2007 First Black NUT president The Union recognised the need for selforganised groups to be allowed to develop their own spaces – Black teachers, women, disabled and LGBT+ members all began to organise themselves to challenge discrimination. Southwark’s Betty Joseph won the first seat allocated for Black members on the National Executive in 2010. The first Black president of the NUT was a woman: Baljeet Ghale (pictured above), from east London, in 2007. The NUT’s first female General Secretary was Christine Blower, in 2008. LGBT+ work grew out of the struggle against Section 28 which was introduced in 1988. This act prohibited the ‘promotion of homosexuality’, creating a climate of fear for LGBT teachers. The Union also developed an internationalist tradition over decades, including the struggle against South African Apartheid, opposition to the Vietnam War, solidarity with Latin American struggles and justice for Palestine. Steve Sinnott was elected General Secretary in 2004 – the first from a comprehensive school. He died aged 56 in 2008. The Steve Sinnott

“Section 28 created a climate of fear for LGBT+ teachers”


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5

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My, how we’ve changed! 1872-2018 AS the Teacher goes to press for the last time, before we relaunch in the New Year with a new name, we thought we’d look back on the changing face of the magazine over the years. The Teacher began life as a red-top tabloid in 1963. An editorial felt the need to defend the new name as ‘noble’ against those who found the term teacher to be ‘vaguely unrespectable’. The members’ weekly publication was originally called the Schoolmaster, and launched in 1872. It ‘helped establish the Union as a body that took strong stands’, and had a Gothic-style title font. Belatedly acknowledging the increasing female membership, it was renamed in 1925 as The Schoolmaster and Woman Teacher’s Chronicle. The Teacher changed from a tabloid to an A4-sized magazine in 1988 and by 1990 became a monthly, with cartoons and photos consistently adorning the front page. The Teacher relaunched last year with a slightly increased size, redesigned layout, new regular features and gave more voice to members. We hope to improve your magazine even further to reflect the changed membership of the new union – which includes more than just teachers. Email the team with your news and views at teacher@neu.org.uk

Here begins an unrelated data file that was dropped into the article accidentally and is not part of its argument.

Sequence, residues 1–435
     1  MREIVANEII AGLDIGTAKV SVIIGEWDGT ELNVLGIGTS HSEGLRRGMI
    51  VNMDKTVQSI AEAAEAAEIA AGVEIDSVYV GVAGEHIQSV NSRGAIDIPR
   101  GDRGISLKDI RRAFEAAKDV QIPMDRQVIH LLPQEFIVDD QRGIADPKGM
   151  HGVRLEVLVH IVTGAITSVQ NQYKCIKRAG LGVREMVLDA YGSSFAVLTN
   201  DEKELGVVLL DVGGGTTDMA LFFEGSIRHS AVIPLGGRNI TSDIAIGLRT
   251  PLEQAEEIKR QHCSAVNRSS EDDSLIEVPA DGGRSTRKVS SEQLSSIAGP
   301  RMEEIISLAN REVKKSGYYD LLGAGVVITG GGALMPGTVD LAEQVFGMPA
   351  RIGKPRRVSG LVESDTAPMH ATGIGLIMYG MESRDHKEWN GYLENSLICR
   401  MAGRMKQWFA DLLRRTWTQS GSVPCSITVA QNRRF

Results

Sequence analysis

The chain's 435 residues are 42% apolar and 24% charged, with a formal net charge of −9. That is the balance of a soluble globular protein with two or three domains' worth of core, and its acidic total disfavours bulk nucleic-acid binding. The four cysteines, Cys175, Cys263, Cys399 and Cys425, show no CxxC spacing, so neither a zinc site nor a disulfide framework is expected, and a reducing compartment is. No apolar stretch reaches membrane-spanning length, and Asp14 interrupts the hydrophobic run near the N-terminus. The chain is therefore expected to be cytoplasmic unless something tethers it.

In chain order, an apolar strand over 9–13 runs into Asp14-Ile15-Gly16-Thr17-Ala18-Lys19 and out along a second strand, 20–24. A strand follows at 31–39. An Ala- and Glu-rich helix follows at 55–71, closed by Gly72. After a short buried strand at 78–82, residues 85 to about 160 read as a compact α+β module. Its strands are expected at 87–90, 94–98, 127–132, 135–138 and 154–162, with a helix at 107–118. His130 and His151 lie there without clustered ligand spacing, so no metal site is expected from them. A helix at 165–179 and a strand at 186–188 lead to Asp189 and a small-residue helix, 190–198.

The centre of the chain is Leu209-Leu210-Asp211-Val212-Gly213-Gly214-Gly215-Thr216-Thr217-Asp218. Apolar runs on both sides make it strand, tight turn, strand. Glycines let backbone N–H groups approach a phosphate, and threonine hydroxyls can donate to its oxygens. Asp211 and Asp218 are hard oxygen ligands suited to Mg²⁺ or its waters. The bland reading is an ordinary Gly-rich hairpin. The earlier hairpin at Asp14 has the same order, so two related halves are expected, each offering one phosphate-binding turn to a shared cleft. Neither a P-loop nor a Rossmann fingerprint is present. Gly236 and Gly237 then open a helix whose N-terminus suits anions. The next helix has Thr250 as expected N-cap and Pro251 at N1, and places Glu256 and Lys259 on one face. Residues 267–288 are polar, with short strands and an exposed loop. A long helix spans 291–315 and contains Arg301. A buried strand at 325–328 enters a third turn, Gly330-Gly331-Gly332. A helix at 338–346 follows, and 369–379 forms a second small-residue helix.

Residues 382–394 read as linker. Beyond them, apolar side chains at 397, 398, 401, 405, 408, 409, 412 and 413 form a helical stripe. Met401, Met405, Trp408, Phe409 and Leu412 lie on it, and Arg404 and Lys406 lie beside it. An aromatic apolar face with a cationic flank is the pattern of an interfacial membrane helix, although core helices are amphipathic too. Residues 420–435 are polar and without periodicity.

“It helped establish the Union as a body that took strong stands”

8

1. The Schoolmaster, February 1872 – leading articles covered salaries, pensions and ‘The Wesleyans and the Education Question’. 2. ‘Women Teacher’s Chronicle’ had been added to the title by August 1927. This edition featured a full-page cover image of poet and painter William Blake. 3. February 1979 and claims for a 35% pay rise.

4. Spring 1990 and a new look but a familiar issue – stress, as illustrated by Edvard Munch’s The Scream. 5. Tony Blair under fire for his

support of Ofsted’s Chris Woodhead in November 1998. 6. A march to defend pensions on the cover of the July/August 2004 issue. 7. An irate Michael Rosen vents about SATs in September/October 2009. 8. Pride on the cover of our redesigned September/October 2017 issue.